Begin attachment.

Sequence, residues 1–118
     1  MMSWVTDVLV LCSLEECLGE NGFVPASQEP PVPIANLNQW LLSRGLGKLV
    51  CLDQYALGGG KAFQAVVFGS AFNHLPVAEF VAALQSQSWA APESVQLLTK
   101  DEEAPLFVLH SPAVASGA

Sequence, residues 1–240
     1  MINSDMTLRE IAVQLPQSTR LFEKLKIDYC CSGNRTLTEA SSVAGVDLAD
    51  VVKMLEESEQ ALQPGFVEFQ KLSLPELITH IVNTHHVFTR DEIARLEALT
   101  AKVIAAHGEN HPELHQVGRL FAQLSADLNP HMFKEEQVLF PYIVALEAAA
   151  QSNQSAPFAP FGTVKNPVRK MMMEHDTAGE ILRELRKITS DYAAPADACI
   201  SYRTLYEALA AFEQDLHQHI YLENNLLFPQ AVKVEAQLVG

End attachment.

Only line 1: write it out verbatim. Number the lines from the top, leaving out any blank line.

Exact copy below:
Sequence, residues 1–118